Suggestions For A Successful Show

Turning Knee- Slappers into Side-Splitters!

Here at the Just Another Hangover Tour we strive to put on the best show possible, creating the most enjoyable experience for your customers and staff.

While all members of the tour have (and no doubt will again) preformed outstanding shows in less than opulent (sometimes atrocious) conditions, we feel it is in the best interest of all involved to take all possible steps towards setting up the optimal environment for a live comedy performance. To that end we supply the following list of recommendations designed to create the most enjoyable comedy experience for all involved as well as maximum profitability for the venue.

Promotions & Ticket Sales

Well placed and informative posters are a great way to get the word out before a comedy show, allowing you to pre sell tickets. If properly marketed a comedy show may sell out weeks, sometimes months, in advance.

We strongly recommend the presale of tickets.

Reserving tables for larger parties is also helpful and greatly appreciated by customers.

Stage & Room Considerations

Stand-up comedy, unlike music, cannot be successful as background noise, and cannot be enjoyed passively. Focus on the performers helps immensely. Common bar ambiance can inadvertently tarnish or even destroy a show. To that end we suggest designating a performance area that is:

  • ·Well Lit
  • ·Slightly to Moderately Elevated
  • ·Away From Restrooms, Entrances, Exits & The Bar
  • ·Provides More Than Adequate Sound (Without Feedback)

It is also a good idea to locate the stage in an area that provides for semi-circle style seating, wrapping the audience in a full 180 degree arch around the stage. Also it is recommended that the front row be located no more than 3 feet from the front of the stage. We also highly recommend cutting ambient lighting in the room to an absolute working minimum, dimming not only the room lighting, but also shutting down any decorative lighting such as neon beer signs.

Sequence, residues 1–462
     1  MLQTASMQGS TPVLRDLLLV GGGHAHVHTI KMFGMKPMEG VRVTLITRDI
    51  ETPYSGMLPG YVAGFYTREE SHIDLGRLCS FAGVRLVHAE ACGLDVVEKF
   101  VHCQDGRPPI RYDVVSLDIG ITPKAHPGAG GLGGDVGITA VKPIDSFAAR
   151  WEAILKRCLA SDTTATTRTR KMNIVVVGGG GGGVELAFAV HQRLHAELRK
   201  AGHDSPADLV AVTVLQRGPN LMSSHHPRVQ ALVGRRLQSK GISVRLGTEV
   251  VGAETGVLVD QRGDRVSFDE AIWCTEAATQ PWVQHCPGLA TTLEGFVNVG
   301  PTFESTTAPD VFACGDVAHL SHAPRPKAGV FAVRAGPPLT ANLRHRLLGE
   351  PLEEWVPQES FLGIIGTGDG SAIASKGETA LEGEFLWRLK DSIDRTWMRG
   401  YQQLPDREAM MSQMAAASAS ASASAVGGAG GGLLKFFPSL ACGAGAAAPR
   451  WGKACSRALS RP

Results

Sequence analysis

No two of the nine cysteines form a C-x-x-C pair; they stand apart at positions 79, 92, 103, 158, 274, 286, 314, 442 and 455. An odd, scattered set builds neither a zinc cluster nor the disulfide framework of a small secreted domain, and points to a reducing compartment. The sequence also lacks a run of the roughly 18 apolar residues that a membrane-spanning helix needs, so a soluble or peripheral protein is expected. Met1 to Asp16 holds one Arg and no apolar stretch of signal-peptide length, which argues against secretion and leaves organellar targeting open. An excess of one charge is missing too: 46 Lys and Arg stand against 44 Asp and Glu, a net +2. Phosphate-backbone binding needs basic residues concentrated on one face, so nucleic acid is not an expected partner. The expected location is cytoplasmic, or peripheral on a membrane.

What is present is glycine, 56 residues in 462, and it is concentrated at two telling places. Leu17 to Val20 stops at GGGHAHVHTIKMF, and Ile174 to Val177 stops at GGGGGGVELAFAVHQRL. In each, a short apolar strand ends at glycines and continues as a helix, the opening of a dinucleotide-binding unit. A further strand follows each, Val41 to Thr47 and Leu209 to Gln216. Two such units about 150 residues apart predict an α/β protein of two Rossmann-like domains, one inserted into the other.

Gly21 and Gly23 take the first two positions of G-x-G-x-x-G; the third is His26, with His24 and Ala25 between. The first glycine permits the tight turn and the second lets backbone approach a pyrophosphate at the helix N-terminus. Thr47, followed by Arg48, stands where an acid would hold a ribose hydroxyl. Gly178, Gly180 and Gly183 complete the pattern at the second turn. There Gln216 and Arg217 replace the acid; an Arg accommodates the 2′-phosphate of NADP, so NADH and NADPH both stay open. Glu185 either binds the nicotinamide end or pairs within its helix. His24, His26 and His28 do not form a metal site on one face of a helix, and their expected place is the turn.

The last room consideration deals with gaming. Pool tables, video games, touch screen games, slot machines, shuffle board, air hockey, etcetera All of these should optimally be closed down, or in the case of revenue creating devices such as slot machines, set to a silent mode as not to distract from or interrupt the show. As an added touch, candles on the tables provide ambiance and a calming effect.

Staff Considerations

As noted earlier, common bar sounds can provide un-due distraction for audience members, who may feel slighted if they miss out on a good punch line or are otherwise distracted from the show. To that end, we feel that it is a good idea to ask the bar and wait staff for a few variations on their usual routine. When taking drink or food orders it helps a lot for staff to adopt a quitter than normal tone, perhaps placing a hand on a shoulder to get attention, and speaking as quietly and closely as possible. This alone helps immensely. Other helpful practices include:

  • ·Softly placing glass bottles into trash cans (as opposed to throwing or dropping them)
  • ·Refraining from general conversation with audience members during the show
  • ·Not yelling drink orders across the room

Though it should go without saying, we also greatly appreciate not being heckled by staff members, as it creates not only a very odd situation for the performers, but also a tone in which the general audience may feel it is not only possible, but acceptable and possibly necessary to heckle the performers.